Academic rigour is a hallmark of the School of History, but this does not mean that our research is only disseminated through books and journals. An increasingly important part of our work is about using our findings and expertise to benefit society as a whole.
The Landscape Group can offer a diverse range of expertise in landscape history, as well as specialist skills such as non-invasive field survey techniques and the use of GIS.
This expertise is drawn from respected academics based in the School of History at the University of East Anglia.
Virtual Past brings together historians from the School of History with cutting-edge virtual reality animators to create historically accurate computer models of people and places for use in the heritage industry and education. Virtual Past combines state-of-the-art computer modelling techniques with historical research to create dynamic new ways to enhance visitor experience of heritage attractions or as the basis for websites.
The Great Hospital
The Great Hospital, Norwich, is a place of unique interest for historians, being the only medieval English hospital to survive with both its fabric and a substantial part of its archive still intact. Yet both remained little known until the Wellcome Trust decided to fund a three-year project into the history of this remarkable institution. Carole Rawcliffe's research resulted in the publication of an academic study of the hospital in 1999, while also providing ample material for a website aimed at a far wider audience. With funding of £14,301 from the AHRC's Knowledge Catalyst Scheme, a grant of £9,534 from the Great Hospital Trustees and £3,000 from Norwich HEART (for a video reconstruction of the hospital as it would have appeared in the fifteenth century), it was possible to create an accessible online resource that could be used by schools, local history groups and tourists, as well as the Hospital itself.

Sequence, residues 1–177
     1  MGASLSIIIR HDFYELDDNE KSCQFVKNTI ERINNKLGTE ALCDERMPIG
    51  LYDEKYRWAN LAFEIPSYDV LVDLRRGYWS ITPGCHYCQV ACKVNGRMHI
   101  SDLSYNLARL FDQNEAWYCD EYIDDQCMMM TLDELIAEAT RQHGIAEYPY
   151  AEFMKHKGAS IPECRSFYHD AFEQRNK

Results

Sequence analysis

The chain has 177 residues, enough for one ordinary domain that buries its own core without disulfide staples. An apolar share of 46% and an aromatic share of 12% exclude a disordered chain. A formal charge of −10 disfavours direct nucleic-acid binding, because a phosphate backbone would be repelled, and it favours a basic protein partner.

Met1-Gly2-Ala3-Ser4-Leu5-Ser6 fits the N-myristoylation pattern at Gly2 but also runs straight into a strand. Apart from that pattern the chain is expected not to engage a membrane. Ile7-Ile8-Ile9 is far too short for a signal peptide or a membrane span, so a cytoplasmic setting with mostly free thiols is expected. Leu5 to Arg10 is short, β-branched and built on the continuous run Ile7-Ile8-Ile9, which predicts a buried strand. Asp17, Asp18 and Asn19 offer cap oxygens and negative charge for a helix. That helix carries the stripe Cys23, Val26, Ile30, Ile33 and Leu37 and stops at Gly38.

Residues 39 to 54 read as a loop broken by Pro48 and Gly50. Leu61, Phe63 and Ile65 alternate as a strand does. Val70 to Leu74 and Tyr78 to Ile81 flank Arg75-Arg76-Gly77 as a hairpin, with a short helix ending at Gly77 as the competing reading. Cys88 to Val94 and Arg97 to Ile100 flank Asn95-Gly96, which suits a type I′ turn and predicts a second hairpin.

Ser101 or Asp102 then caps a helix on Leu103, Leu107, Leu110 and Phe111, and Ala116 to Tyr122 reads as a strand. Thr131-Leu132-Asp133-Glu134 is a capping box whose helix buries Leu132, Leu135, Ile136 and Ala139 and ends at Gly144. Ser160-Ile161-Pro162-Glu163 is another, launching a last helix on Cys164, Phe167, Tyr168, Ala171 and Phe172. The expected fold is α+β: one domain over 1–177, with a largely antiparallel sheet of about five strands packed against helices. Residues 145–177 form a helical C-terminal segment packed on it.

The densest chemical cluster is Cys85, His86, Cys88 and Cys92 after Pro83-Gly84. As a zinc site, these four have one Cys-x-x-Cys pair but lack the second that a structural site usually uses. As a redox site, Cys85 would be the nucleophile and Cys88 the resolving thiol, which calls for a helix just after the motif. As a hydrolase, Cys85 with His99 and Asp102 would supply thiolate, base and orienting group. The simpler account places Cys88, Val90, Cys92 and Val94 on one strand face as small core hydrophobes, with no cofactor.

The benefits have been considerable. Since its launch in 2008, the website has attracted over 10,000 visitors. It has been recommended for use in the GCSE Medical History Syllabus, and is widely consulted by students in the USA and Spain, as well as in England. The inclusion of transcripts and images of documents makes it a valuable resource for postgraduate teaching also. In 2011, in recognition of its newly recognised status, the Hospital archive (in the Norfolk Record Office) became the only collection of its kind to be admitted by UNESCO to the Memory of the World Register. The Hospital has now created a heritage centre of its own, where the website plays an integral role in the visitor experience, enabling us to understand what life - and death - was like for the sick in medieval England.
The Walberswick Project
During the Second World War Britain's coastline was the front line in the fight against Nazi Germany. Little now remains of these wartime defences, but the Walberswick project recreated the lost defence landscape at a small village on the Suffolk coast. The results of the project can be seen on a website, the centrepiece of which are four computer reconstructions of the military defences constructed in 1940 when the Suffolk coast was seen as a likely target for German invasion.
The website also contains interactive maps, primary documents and an extensive historical commentary on home defence during the Second World War. An education pack provides teaching resources designed to be cross-curricular and incorporates elements of history, geography, English, ICT, literacy and citizenship. Much of the information for the website came from local people and the partner organisations now responsible for the management of the historic countryside.
The website was launched in October 2009 and received coverage on both national radio and regional television. Within the first month, 45,000 hits had been received on the site. Such was the success that a substantial quantity of oral history material on Second World War defences was received as feedback and this was incorporated into a new section on the website.
The project was short-listed for the ‘Best Representation of Archaeology in the Media' category in the 2011 British Archaeological Awards and also received a CUE East Enterprise and Engagement Award. The project also acted as a platform for a major research award from the European Union Inter-Reg IV programme involving ten partners from four European partner countries - UK, France, Belgium and the Netherlands. This research funding will facilitate the dissemination of information on Second World War defences on both sides of the channel and promote sustainable tourism across the European Union.